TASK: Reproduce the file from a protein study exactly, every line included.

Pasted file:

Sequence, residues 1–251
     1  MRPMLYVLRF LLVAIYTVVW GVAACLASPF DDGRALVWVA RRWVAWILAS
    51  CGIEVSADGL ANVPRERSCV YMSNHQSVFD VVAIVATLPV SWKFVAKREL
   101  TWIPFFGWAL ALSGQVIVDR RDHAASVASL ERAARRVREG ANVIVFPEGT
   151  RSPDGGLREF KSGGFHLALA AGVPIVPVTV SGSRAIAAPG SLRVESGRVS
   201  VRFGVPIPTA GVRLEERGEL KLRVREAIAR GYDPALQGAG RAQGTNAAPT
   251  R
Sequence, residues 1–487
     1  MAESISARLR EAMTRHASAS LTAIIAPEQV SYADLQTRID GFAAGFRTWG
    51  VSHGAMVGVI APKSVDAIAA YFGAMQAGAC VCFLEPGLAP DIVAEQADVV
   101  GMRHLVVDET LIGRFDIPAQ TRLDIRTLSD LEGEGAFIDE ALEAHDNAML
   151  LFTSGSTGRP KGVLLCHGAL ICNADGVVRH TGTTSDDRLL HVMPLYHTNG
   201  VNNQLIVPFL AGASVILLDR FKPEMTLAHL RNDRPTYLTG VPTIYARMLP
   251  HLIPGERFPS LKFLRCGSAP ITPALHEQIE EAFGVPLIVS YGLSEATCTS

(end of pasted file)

Sequence, residues 1–251
     1  MRPMLYVLRF LLVAIYTVVW GVAACLASPF DDGRALVWVA RRWVAWILAS
    51  CGIEVSADGL ANVPRERSCV YMSNHQSVFD VVAIVATLPV SWKFVAKREL
   101  TWIPFFGWAL ALSGQVIVDR RDHAASVASL ERAARRVREG ANVIVFPEGT
   151  RSPDGGLREF KSGGFHLALA AGVPIVPVTV SGSRAIAAPG SLRVESGRVS
   201  VRFGVPIPTA GVRLEERGEL KLRVREAIAR GYDPALQGAG RAQGTNAAPT
   251  R
Sequence, residues 1–487
     1  MAESISARLR EAMTRHASAS LTAIIAPEQV SYADLQTRID GFAAGFRTWG
    51  VSHGAMVGVI APKSVDAIAA YFGAMQAGAC VCFLEPGLAP DIVAEQADVV
   101  GMRHLVVDET LIGRFDIPAQ TRLDIRTLSD LEGEGAFIDE ALEAHDNAML
   151  LFTSGSTGRP KGVLLCHGAL ICNADGVVRH TGTTSDDRLL HVMPLYHTNG
   201  VNNQLIVPFL AGASVILLDR FKPEMTLAHL RNDRPTYLTG VPTIYARMLP
   251  HLIPGERFPS LKFLRCGSAP ITPALHEQIE EAFGVPLIVS YGLSEATCTS